In Jeffrey M. Brown Associates v. All-star Drywall & Acoustics, Inc., 195 F.Supp. 2d 681, 684 (E.D. Pa. 2002), the United States District Court for the Eastern District of Pennsylvania ably explained this Court's limited scope of review:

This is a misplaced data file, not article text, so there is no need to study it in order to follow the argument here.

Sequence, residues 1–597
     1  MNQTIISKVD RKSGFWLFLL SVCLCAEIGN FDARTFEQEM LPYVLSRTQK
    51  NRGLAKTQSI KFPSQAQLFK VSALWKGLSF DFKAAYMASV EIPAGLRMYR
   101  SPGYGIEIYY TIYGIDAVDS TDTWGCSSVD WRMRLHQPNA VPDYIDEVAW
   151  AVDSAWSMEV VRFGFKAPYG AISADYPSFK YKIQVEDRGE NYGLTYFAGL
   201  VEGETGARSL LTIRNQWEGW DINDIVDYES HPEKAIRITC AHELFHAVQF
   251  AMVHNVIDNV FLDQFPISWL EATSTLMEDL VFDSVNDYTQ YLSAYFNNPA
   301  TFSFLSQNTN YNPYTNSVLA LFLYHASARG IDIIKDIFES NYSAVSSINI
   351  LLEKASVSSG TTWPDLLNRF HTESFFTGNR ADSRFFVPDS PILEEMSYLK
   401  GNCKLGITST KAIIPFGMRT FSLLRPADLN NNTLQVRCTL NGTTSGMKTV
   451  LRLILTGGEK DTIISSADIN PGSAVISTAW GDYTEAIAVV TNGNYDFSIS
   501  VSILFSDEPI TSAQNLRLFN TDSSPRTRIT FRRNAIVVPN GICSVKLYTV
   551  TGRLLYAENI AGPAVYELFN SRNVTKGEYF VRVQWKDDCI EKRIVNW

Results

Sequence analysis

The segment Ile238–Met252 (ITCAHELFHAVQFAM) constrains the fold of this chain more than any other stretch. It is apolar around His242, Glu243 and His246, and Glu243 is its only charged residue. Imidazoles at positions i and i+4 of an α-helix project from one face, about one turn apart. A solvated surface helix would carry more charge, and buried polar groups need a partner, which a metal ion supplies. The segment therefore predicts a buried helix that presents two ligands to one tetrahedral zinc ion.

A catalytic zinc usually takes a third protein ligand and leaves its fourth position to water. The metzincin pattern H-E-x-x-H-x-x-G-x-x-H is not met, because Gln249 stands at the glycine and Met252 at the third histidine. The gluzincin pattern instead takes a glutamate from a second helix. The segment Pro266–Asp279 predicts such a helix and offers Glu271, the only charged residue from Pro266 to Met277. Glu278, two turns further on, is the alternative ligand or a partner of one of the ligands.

A court may not overrule an arbitrator simply because it disagrees with the arbitrator's construction of the contract or because it believes its interpretation of the contract is better than that of the arbitrator. News America Publications, Inc. v. Newark Typographical Union, Local 103,918 F.2d 21, 24 (3d Cir.1990). To be sure, district courts have very little authority to upset arbitrators' awards and an award will be properly vacated only if there is absolutely no support at all in the record justifying the arbitrator's determinations. United Transp. Union Local 1589 v. Suburban Transit Corp., 51 F.3d 376, 379 (3d Cir.1995); Personnel Data Systems, Inc. v. OpenPlus Holdings Pty Ltd., No. Civ. A. 00-MC-166, 2001 WL 52546 at *1 (E.D.Pa. Jan.18, 2001) Indeed, "manifest disregard of the law" means more than error or misunderstanding with respect to the law. Rather, "manifest disregard of the law" encompasses situations in which it is evident from the record that the arbitrator recognized the applicable law, yet chose to ignore it. Aetna Casualty and Surety Co. v. Dravo Corporation, No. Civ. A. 97-149, 1997 WL 560134 at *1 (E.D.Pa. July 31, 1997). Other courts have held that the "manifest disregard" principle means that the correct legal standard must have been so obvious that the typical arbitrator would readily and instantly have perceived it, the arbitrator must have been subjectively aware of that standard, and he must have proceeded to ignore that standard in fashioning the award. Coltec, 1999 WL 695870 at *5. Accordingly, as long as the arbitrator has arguably construed or applied the contract, the award must be enforced, regardless of the fact that a court is convinced that the arbitrator has committed a serious error. United Transportation, 51 F.3d at 379, quoting News America Publications. Jeffrey M. Brown Associates v. All-star Drywall & Acoustics, Inc., 195 F.Supp. 2d 681, 684 (E.D. Pa. 2002).